How to get rid of clothes moths from your carpet and clothes using vinegar, pheromone traps and more

Desperate to know how to get rid of clothes moths? They’re a notoriously resilient pest, but you can defeat them using these techniques

How to get rid of clothes moths: folded laundry
(Image credit: Getty/Poh Kim Yeoh / EyeEm)

Want to know how to get rid of clothes moths once and for all?

Clothes moths can do some serious damage gobbling up your favourite jumpers, silk garments, and carpets. We’ve even seen clothes moth damage in cotton t-shirts.

You can identify them by checking in dark, undisturbed places as this is where they prefer to lay their eggs. Look out for creamy white larvae with a brown head in seldom used drawers and the back of your wardrobe. You should also check areas of carpet that are hidden by rugs, or underneath furniture.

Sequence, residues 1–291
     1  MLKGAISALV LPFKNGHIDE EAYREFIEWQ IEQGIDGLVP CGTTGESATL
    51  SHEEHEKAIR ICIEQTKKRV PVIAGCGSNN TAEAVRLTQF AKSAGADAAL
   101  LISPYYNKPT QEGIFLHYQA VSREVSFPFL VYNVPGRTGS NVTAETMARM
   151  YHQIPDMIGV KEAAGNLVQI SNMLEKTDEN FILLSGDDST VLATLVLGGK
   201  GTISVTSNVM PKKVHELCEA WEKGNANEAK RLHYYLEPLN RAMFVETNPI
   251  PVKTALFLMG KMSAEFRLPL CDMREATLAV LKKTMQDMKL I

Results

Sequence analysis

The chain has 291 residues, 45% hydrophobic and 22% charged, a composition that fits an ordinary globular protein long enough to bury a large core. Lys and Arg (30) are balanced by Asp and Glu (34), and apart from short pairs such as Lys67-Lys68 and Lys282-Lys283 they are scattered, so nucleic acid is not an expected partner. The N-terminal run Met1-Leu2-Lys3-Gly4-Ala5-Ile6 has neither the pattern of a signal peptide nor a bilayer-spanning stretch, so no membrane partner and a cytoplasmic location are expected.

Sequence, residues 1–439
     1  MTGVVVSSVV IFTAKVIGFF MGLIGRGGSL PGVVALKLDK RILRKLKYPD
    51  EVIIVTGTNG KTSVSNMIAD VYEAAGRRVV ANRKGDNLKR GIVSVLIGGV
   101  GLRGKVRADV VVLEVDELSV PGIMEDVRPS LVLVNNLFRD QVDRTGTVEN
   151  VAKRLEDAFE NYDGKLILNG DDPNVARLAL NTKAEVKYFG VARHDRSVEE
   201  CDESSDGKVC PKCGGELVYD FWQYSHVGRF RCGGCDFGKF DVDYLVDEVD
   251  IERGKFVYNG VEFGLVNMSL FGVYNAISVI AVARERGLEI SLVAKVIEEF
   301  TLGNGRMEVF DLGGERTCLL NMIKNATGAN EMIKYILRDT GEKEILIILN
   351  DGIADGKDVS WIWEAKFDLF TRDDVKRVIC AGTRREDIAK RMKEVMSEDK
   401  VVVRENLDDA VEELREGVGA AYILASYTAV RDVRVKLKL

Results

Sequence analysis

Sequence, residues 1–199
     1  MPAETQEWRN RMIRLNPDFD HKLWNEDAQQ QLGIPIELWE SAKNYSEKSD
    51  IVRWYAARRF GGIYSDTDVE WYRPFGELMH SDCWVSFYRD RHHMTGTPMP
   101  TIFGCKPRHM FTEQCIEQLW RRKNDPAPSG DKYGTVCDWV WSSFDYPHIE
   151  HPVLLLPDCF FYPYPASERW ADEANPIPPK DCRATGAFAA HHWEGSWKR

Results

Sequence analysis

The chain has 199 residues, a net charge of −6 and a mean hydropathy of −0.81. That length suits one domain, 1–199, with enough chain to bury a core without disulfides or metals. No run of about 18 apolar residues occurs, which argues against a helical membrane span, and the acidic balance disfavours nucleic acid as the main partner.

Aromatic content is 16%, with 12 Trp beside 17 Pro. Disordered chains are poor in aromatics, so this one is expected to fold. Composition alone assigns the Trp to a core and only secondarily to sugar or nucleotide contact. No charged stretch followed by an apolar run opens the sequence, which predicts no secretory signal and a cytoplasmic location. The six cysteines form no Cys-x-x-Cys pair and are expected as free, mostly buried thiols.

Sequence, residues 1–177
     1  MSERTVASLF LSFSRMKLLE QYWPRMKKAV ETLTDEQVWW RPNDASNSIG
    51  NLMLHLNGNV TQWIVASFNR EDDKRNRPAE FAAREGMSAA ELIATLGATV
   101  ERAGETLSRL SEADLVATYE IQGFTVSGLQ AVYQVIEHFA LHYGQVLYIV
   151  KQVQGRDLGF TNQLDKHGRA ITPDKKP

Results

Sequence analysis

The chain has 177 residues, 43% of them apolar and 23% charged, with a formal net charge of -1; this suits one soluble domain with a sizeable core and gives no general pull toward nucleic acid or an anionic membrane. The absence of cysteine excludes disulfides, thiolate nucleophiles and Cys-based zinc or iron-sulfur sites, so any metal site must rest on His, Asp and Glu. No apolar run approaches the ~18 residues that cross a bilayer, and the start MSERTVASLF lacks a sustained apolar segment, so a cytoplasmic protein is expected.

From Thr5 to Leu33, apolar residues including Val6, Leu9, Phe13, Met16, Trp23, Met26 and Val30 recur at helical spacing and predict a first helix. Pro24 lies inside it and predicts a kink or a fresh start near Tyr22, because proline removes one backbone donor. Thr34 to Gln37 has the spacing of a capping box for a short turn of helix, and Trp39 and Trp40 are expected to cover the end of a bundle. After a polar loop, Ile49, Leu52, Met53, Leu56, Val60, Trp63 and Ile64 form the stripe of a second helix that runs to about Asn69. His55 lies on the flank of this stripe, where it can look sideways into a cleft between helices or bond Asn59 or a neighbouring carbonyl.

Haven't noticed this sort of damage? Read our guide to how to get rid of flying insects to figure out what winged pest you may be contending with.

Sadly, by the time you’ve discovered you have a clothes moth infestation, it’s often too late for the item of clothing. Don’t give up, though: you can get rid of clothes moths, and ensure they stay out of your wardrobe.

Alice Shaw-Beckett, Head of Content at Cleanipedia explains what clothes moths do to your threads:

'Clothes moths lay their eggs on natural fabrics like wool and fur and the larvae eat away at the material they’ve spun their webbing across, leaving holes and weak fibres in their wake. The common clothes moth can be found worldwide and is one of the most aggressive species of clothes moth for damaging textiles.'